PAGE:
Thursday, March 17, 2016

Leg-Heel CPR for nurses with disabilities...Why not?

Some nurses and nursing students with disabilities are unable to perform CPR with two hands (nurses with one hand or arm, cerebral palsy, or paralysis). 

Responses to requests for disability-related accommodation for CPR classes can vary from one instructor/provider to another.

Should we consider the leg-heel method as a reasonable accommodation?

Positive results of a pilot study of the “leg-heel method” were reported in JAMA 38 years ago (Billfield & Regula (1978).

In 2012, Fernando Perez, MD, and Robert H. Trenkamp, Jr., EMT-P, presented their research findings at the American Heart Association Resuscitation Science Symposium. Perez & Trenkamp studied the duration an adult could maintain two-inch deep chest compressions at a rate of at least 100 per minute using “Hands-Only” and then Pedal Compressions (“Heel CPR”) in two sequential tests (SCAF, 2012). 

"The test subjects were all 35 years old or older, and half of the cohort was between 50-80 years old. Fewer than 20 percent of the cohort was able to perform two-inch manual chest compressions for four minutes at the required one hundred per minute or higher rate.

In contrast, more than 60 percent of study participants were able to perform two-inch pedal compressions for 10 minutes at that rate—and those subjects felt that they could easily perform adequate depth and rate pedal compressions for another extended period, if necessary." 

In an article published in the American Journal of Emergency Medicine, Trenkamp & Perez (2015) "reported that heel compressions are useful in situations where a lone rescuer cannot get down on the floor, cannot compress the chest to guideline depth because of an infirmity or lack of weight, or becomes too tired to continue manual compressions. Heel compressions significantly increase the bystander population's ability to provide effective, uninterrupted compressions until EMS arrival."

Do these findings merit a closer look?

Could this approach to CPR be considered as a reasonable accommodation for CPR certification for some nurses with disabilities? For example, nurses working in home health or community settings? 

Would a write-in campaign to the American Heart Association and American Red Cross help?

Appreciate reading your comments about this important topic.


Billfield, L., Regula, G. (1978). A new technique for external heart compression.  Journal of the American Medical Association, 239(23): 2468-2469. doi:10.1001/jama.1978.03280500064023.

Durham, J. (2013). CPR Pedal-Heel Compressions. Frontline First Aid and Emergency Training.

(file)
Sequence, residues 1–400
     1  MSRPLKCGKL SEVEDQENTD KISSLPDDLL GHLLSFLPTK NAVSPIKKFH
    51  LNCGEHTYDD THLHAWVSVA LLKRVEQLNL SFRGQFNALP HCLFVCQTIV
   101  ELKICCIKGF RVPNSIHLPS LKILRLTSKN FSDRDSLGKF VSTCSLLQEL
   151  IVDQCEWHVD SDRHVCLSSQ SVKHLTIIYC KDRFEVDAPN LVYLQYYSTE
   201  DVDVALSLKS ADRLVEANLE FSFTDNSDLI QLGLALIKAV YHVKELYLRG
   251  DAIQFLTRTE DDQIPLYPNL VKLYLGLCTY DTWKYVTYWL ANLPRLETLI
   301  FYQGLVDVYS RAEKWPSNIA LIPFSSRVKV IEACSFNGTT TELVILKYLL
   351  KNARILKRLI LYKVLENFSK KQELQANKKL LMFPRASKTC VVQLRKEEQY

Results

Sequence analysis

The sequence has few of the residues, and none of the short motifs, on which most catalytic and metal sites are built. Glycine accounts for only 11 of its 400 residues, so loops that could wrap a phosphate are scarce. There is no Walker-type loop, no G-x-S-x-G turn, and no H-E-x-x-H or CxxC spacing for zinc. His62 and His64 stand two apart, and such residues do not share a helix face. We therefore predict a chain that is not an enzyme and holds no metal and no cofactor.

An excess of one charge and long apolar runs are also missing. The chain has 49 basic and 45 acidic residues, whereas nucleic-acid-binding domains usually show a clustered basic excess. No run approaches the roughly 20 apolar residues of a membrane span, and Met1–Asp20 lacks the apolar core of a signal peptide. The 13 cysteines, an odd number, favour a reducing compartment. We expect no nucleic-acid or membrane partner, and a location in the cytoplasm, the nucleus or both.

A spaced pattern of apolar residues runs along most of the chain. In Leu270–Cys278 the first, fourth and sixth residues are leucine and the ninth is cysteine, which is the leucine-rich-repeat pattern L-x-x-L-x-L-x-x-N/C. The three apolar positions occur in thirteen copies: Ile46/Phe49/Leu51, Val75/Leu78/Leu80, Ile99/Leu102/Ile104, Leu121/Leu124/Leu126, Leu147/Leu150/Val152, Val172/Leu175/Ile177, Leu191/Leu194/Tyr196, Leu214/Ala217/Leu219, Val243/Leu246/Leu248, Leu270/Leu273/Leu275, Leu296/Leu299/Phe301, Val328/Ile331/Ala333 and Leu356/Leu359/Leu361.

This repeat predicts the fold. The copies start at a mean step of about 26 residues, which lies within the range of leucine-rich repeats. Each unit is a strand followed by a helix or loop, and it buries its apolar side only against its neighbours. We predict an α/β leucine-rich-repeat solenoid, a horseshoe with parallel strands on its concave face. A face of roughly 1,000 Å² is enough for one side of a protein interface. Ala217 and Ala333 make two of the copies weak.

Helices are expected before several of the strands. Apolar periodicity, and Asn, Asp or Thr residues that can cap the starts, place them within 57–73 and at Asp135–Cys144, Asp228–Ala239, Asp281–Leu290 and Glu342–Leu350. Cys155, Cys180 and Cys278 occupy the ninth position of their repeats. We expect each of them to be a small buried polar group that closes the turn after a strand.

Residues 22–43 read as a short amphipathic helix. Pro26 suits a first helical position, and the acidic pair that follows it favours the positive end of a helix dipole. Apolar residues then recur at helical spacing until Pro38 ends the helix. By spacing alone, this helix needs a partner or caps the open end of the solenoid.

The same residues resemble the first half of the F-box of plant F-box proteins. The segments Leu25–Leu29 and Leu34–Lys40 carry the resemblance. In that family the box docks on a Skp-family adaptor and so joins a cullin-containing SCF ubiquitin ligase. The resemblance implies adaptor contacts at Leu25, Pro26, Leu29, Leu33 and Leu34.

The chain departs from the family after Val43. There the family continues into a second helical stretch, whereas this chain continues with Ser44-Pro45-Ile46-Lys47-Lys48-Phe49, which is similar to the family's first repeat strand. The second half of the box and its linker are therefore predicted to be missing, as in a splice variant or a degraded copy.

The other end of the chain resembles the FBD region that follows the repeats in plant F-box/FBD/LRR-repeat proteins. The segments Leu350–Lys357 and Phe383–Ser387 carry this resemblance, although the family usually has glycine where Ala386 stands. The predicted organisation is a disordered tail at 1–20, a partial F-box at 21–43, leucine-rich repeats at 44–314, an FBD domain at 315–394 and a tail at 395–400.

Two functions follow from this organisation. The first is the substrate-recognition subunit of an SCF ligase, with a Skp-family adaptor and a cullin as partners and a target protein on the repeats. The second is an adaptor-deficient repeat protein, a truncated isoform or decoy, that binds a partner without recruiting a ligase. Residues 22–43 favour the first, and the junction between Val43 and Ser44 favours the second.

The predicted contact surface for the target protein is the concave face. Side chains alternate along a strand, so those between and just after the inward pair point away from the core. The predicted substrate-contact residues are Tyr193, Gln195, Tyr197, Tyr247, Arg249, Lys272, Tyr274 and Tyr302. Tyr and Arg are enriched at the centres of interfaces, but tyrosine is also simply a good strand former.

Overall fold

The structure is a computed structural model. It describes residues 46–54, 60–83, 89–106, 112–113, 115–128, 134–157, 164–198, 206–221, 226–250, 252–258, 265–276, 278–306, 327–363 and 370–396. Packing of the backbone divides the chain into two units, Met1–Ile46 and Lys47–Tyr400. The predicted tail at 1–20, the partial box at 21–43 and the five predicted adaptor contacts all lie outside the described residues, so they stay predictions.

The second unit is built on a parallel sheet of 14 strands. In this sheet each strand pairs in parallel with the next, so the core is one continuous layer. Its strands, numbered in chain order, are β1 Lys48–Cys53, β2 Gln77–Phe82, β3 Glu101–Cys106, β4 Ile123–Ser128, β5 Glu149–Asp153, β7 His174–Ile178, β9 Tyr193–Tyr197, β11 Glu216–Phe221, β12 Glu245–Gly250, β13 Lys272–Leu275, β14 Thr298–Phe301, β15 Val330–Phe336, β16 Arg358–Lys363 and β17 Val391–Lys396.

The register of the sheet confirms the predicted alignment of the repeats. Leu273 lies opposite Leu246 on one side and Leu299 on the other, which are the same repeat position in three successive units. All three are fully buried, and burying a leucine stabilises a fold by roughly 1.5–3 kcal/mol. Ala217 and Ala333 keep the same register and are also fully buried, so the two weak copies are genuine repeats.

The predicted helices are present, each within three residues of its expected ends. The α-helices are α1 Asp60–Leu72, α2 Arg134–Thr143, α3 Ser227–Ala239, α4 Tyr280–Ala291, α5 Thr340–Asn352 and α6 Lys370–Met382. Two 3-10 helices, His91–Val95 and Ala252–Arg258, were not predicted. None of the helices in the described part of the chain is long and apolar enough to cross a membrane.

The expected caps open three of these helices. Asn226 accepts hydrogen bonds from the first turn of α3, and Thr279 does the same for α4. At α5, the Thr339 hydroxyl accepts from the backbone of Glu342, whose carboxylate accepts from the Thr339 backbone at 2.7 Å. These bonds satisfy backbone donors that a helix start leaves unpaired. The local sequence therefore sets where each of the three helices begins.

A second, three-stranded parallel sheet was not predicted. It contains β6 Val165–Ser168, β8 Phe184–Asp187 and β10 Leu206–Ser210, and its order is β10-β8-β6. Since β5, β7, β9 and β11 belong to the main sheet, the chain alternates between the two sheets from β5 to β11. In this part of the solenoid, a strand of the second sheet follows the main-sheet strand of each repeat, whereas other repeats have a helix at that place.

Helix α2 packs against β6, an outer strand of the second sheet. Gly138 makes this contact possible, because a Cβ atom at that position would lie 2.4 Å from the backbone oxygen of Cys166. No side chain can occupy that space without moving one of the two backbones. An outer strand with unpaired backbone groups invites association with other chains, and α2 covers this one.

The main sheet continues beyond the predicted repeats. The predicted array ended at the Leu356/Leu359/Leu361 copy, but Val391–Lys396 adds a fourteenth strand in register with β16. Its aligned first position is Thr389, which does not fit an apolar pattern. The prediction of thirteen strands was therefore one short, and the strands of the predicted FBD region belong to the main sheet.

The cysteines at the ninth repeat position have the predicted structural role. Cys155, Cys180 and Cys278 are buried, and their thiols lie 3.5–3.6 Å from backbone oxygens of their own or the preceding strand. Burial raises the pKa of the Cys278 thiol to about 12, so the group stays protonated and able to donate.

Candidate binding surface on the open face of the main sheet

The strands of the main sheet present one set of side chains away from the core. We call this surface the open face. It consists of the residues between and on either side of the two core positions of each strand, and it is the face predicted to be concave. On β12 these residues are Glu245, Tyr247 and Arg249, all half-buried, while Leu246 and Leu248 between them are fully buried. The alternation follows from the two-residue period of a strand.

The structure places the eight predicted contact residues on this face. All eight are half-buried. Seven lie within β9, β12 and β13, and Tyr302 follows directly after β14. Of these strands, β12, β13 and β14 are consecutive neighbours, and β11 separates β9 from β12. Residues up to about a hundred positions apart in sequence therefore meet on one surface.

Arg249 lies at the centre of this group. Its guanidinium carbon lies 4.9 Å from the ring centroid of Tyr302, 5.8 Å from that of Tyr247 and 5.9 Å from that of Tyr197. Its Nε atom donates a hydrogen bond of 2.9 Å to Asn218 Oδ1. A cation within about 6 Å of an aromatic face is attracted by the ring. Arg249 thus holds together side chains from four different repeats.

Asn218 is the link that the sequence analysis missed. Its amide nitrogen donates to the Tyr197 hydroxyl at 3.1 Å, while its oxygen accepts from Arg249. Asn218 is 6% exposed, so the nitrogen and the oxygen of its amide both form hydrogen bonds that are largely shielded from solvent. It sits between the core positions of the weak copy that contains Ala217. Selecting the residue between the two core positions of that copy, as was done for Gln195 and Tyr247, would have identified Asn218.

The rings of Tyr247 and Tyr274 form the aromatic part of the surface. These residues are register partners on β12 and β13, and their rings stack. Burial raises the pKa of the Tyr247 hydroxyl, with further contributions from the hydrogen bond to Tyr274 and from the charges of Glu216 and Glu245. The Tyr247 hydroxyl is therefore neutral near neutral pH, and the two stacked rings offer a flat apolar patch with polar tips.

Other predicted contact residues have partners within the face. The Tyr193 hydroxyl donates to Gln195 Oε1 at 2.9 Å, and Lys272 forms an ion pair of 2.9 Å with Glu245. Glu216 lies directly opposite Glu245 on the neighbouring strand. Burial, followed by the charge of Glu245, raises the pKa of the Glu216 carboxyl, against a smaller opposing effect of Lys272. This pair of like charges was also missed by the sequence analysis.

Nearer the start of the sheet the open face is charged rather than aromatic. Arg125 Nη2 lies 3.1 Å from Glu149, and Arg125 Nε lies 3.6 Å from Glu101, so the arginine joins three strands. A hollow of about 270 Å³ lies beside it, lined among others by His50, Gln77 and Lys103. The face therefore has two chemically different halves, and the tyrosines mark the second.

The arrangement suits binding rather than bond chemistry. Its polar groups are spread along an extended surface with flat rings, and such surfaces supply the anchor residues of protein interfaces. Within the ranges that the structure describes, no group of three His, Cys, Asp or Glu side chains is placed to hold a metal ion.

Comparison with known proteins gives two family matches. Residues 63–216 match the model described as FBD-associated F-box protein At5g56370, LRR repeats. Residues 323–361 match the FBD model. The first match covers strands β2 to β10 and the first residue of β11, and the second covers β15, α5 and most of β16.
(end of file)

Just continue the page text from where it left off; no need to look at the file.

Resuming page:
Trenkamp, R., Perez, F. (2015, October).  Heel compressions quadruple the number of bystanders who can perform CPR for 10 minutes. The American Journal of Emergency Medicine, 33(10):1449-1453. Retrieved at

Sudden Cardiac Arrest Foundation (SCAF) (2012) Can heel CPR help?

For more information visit:

Wednesday, March 9, 2016


Are you struggling with life issues? Or, health or 

disability related challenges?

Have you lost a job?

Are you going back to school?

Do you have a gnawing hunger for something?

Is your life dry?

Do you need to take a bite out of life?

Do you have a shirt with a deer on it?

Do you need some timeless advice from the best life coach?

Today is your lucky day! Here is a free session with Cookie Monster.

Please share your thoughts and pass the milk!


Wednesday, March 2, 2016

Playlist for nurses and nursing students with disabilities

I asked a group of nurses and nursing students with disabilities the following questions:

Do you have a favorite song? Music video? Special lyrics?What type of music helps you stay motivated to charge ahead in spite of your personal challenge? 

The following "playlist" was developed from the responses. If you need some inspiration, these songs may help!

"Hit Me with Your Best Shot" by Pat Benatar

"Under Pressure" by Queen and David Bowie
American Sign Langage Interpretation by Amber Galloway Gallego

"My shot" From "Hamilton" by Lin-Manuel Miranda, Anthony Ramos, Daveed Diggs, Okieriete Onaodowan, Leslie Odom, Jr., the Original Broadway Cast.
American Sign Language Interpretation by Maddie Stengel

"Wait for it" From Hamilton" Leslie Odom, Jr., the Original Broadway Cast.
American Sign Language Interpretation by E Karll

"Roar" by Katy Perry
American Sign Language Interpretation by Rosa Lee Timm

"Respect" by Aretha Franklin
American Sign Language Interpretation by amrobi314

"I will survive" by Gloria Gaynor
American Sign Language  Interpretation by Soph 1951
British Sign Language version by Gordon Newton Wylie-Black

"Beautiful" by Christina Aguilera
American Sign Language Interpretation by Dpanvideos

"Casting Crowns: Praise you in the storm"
by Stephen Henderson
American Sign Language Interpretation by Soph 1951

"Secrets" by Mary Lambert
          American Sign Langage Interpretation by Amber                    Galloway Gallego 

"Overcomer" by Mandisa
American Sign Language Interpretation by Ayorkor Adjei

My personal favorite...........
"I say a little prayer" by Aretha Franklin
American Sign Language  Interpretation by Bethany Smith

What do you think? Do any of these songs help you? Would you add to the list?

Love to read your responses.

With thanks,